The Ten Best Movies of the 2010s

Bradley Cooper in American Sniper (Warner Bros.)
Behold as I make my case with absolute metaphysical certitude (your results may vary, though).

NRPLUS MEMBER ARTICLE F ilm critics are not authorities, least of all me: What the heck do I know? I didn’t even like Aquaman. So a list like this is not a guide to how you should think. It’s more like a diary entry. Movies that stay with us are the ones that reach deep inside and connect with us on a molecular level.

So, er, welcome to my molecules.

10. Her (2013). A funny and melancholy parable about social anomie in an age of technological miracles, writer-director Spike Jonze’s film won a well-deserved Oscar for Best Original Screenplay and features unforgettable performances by Joaquin Phoenix and Scarlett Johansson as a boy and girl carrying on a very 21st-century love affair. Has Johansson ever been more beautiful?

9. Patriots Day (2016). The ongoing global conflict with Islamist terror, frequently derided as some sort of race-based folly, comes home to Boston in director Peter Berg’s story of two dopey but malevolent white guys who in 2013 decided to blow up some random Americans with a pressure cooker loaded with nails. The banality of evil, the resourcefulness of law-enforcement professionals, and the resilience of Americans are in the background; in the foreground is a fiercely exciting manhunt.

8. Gravity (2013). A journalist, in all earnestness, once asked director Alfonso Cuarón what it was like to shoot this movie on location in outer space. (Cuarón replied, deadpan, that it was difficult being away from his family for so long.) Anyone who has seen this gobsmacking adventure on the big screen can relate: from the opening seconds, you are right there in orbit with Dr. Ryan Stone (Sandra Bullock) as she tries to fight her way through chaos and get back home. A technological marvel needs a heart at its core, though, and Cuarón and Bullock deliver in a clever and resonant way.

7. They Shall Not Grow Old (2019). Those who loudly proclaim, “I am bored by blockbusters” such as the ones directed by Peter Jackson should take into account that the skills (and profits) accumulated by Jackson and his team yielded this magnificent feat of cinematic restoration — digital expertise used as a kind of excavation tool to unearth buried secrets. Gathering bits and pieces of low-quality film and sound, Jackson used his Gandalf magic to make an impossibly evocative document of life among the Tommies in the foul trenches of the Great War.

6. American Sniper (2014). We’re just a few minutes into Clint Eastwood’s deeply patriotic film when Jason Hall’s screenplay explains an indelible metaphor about humanity’s unfortunate capacity for violence and how we respond to it: we divide ourselves into sheep, wolves, and sheepdogs. The movie starts out wonderfully, gets even better, and concludes in a dizzying display of gratitude for the sheepdogs, such as the late Chris Kyle, portrayed with great compassion and humility by Bradley Cooper.

5. 127 Hours (2010). People who will chuckle and toss Junior Mints in their mouths while watching slasher movies could not be persuaded to watch director Danny Boyle’s story of a hiker named Aron Ralston. Sensitively portrayed by James Franco, Ralston went out for some exercise, jumped into a canyon and got his right hand stuck under an 800-pound rock. This extraordinarily uplifting film should make you rejoice, not squirm: Ralston is a man who walked out of his own grave.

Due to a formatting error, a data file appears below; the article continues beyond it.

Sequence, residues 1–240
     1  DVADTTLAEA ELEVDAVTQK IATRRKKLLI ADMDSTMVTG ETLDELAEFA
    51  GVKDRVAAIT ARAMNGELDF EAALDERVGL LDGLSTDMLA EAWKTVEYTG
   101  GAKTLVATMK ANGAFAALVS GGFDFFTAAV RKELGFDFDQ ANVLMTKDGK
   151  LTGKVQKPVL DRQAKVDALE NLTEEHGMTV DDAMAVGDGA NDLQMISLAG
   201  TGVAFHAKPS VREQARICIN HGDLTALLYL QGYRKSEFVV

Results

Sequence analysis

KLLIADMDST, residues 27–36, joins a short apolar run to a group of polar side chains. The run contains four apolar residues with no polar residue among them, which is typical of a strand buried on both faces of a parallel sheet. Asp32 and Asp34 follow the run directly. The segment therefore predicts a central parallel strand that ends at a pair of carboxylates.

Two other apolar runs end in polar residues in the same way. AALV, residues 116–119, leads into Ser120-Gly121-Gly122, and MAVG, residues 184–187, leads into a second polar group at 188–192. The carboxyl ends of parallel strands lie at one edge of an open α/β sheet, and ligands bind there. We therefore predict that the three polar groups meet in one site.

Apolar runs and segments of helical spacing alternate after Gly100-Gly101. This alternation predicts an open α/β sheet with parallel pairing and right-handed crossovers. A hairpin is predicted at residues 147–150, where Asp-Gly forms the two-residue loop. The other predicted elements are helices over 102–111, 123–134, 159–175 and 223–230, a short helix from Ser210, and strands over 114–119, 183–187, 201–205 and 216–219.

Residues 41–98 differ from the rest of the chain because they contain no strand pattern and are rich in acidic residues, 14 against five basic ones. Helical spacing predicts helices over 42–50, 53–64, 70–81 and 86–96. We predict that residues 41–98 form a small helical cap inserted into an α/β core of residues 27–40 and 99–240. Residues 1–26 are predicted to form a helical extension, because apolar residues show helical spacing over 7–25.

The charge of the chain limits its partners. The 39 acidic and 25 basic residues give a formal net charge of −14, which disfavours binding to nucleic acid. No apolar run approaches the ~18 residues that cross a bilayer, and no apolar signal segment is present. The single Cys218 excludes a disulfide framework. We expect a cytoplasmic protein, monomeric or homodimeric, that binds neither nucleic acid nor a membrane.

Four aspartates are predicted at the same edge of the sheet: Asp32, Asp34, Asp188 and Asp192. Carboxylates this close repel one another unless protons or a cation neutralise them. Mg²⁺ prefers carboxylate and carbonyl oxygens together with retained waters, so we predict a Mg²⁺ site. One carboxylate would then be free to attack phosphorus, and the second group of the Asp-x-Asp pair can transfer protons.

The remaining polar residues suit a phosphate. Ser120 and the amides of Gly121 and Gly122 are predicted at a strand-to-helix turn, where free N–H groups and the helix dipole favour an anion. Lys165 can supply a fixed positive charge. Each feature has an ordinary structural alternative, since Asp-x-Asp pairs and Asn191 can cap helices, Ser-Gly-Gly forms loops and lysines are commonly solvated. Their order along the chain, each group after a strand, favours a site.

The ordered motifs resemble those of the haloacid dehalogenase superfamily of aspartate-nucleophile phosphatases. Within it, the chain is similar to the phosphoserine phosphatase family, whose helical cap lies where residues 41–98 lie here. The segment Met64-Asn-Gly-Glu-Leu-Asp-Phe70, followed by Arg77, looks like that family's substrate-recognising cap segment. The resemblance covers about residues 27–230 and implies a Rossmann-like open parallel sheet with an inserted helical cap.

4. First Man (2018). What really motivated Neil Armstrong to go off on such a dangerous, even foolhardy, adventure? Director Damien Chazelle has a theory, but he slyly withholds it until the very end. Instead, he constructs a kind of rebuttal to Philip Kaufman’s The Right Stuff that frames the mission to the moon in starkly different terms than what we’ve seen before, turning its gaze to a taciturn, interior-directed figure and the triumph of the nerds he represented.

3. The Tree of Life (2011). Director Terrence Malick long ago slipped the bonds of ordinary filmmaking and created his own genre of reflective, dreamlike, haunting films that are less interested in storytelling than in carving out some space in a character’s consciousness. Rooted in Malick’s own Texas boyhood, his Christian faith, and his difficult relationship with his harsh father, The Tree of Life transcends the medium of cinema and plays chords in the soul.

2. Arrival (2016). The tissue connecting the three outer-space movies on this list will be apparent to anyone who has seen them, and they’d make a superb triple feature. Arrival is an ingeniously plotted double mystery within a sci-fi form. Via inquiries into language and time, the director Denis Villeneuve finds an amazingly original and elegant way to braid the vast unnameable with the specific and individual, leading up to a devastating and perfect final act that explains the whole movie.

1. Never Look Away (2019). Some of the most talented of filmmakers — the Coen brothers, Yorgos Lanthimos, Paul Thomas Anderson — tend to conclude their films with a cosmic shrug. Lots of top directors prove unwilling or unable to provide what we go to the movies for — true feeling. But Florian Henckel von Donnersmarck’s fictionalization of the life of painter Gerhard Richter sprinkles emotional high points all the way through this lush, moving, frequently tragic movie. It’s not only the best German film I’ve ever seen, it makes previous films about Germany’s horrible 20th century look petty and reductive. And it makes the case for art and artists as well as any film ever made on the topic.


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